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BMC Infect Dis. 2016 Nov 24;16(1):701.

Community-based interventions to enhance knowledge, protective attitudes and behaviors towards canine rabies: results from a health communication intervention study in Guangxi, China.

Author information

College of Journalism and Communication, Guangxi University, Nanning, Guangxi, China.
College of Journalism and Communication, Guangxi University, Nanning, Guangxi, China.
Center for Animal Disease Prevention and Control of Guangxi, Nanning, Guangxi, China.
Zhenmu Meng, Center for Animal Disease Prevention and Control of Baise, Baise, Guangxi, China.
School of Veterinary Science, University of Queensland, Gatton, 4343, Australia.
Child Health Research Centre, University of Queensland, Herston, 4006, Australia.
China Animal Health and Epidemiology Centre, Ministry of Agriculture of the Peoples Republic of China, Qingdao, Shandong, China.



In China canine rabies poses a serious public health problem in that human mortality ranks the second highest globally. While rabies health education interventions are advocated by WHO to be critical components of modern rabies control and prevention programs, available studies have not adequately investigated the relative efficacy of their implementation in at-risk populations. This study aims to measure and compare the effect on knowledge and protective behavior towards rabies of health education interventions that include a novel Short Messaging Service via cell phone (SMS) and rabies health information sessions (IS).


The study used a between-subject design involving repeated measures of rabies-related KAP (knowledge, attitude and practice). A total of 350 randomly selected villagers were randomly allocated into three intervention (SMS, IS and SMS + IS) and one control group. The content of SMS and IS covered topics about rabies prevention and route of transmission. The SMS intervention consisted of ten separate messages delivered three times two weeks after the pretest; the IS intervention was conducted once immediately after the pretest. A validated questionnaire was used to capture demographic information and KAP information. Ordinary Least Squares regression was used to contrast the effects of interventions.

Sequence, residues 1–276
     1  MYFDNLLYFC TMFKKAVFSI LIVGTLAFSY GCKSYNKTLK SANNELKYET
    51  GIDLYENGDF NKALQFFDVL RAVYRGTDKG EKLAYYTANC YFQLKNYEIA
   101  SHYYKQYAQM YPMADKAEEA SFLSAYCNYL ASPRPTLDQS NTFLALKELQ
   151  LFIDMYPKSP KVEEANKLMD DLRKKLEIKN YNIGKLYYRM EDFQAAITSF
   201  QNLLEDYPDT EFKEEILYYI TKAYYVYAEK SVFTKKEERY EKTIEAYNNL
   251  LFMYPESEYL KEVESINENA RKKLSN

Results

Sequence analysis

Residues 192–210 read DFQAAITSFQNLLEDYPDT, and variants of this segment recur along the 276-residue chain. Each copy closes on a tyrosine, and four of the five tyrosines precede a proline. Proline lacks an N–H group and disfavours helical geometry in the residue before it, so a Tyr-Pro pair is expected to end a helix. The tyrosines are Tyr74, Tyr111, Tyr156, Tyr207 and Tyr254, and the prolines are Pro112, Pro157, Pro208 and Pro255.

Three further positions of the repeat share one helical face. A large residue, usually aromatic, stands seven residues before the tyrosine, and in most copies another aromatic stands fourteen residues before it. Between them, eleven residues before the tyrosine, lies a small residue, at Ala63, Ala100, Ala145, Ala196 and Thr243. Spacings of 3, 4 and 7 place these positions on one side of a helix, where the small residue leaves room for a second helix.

Our results indicate that overall SMS outperforms IS at improving knowledge and protective behavior against rabies. Our results suggest that a combined intervention of SMS and IS can result in higher scores than any of the two in isolation. The impact of SMS, IS and SMS + IS is greatest on knowledge, followed by attitude and practice scores.


This study demonstrated that health communication modes based on SMS, IS and a combination of the two are all effective to improve rabies-related KAP in the short term. These findings highlight the potential usefulness of SMS as an additional tool for public health communication and promotion; further studies are needed to investigate the long term benefits of these interventions on the reduction of dog bites and resulting human rabies incidence.


Canine rabies; China; Health education; Intervention study

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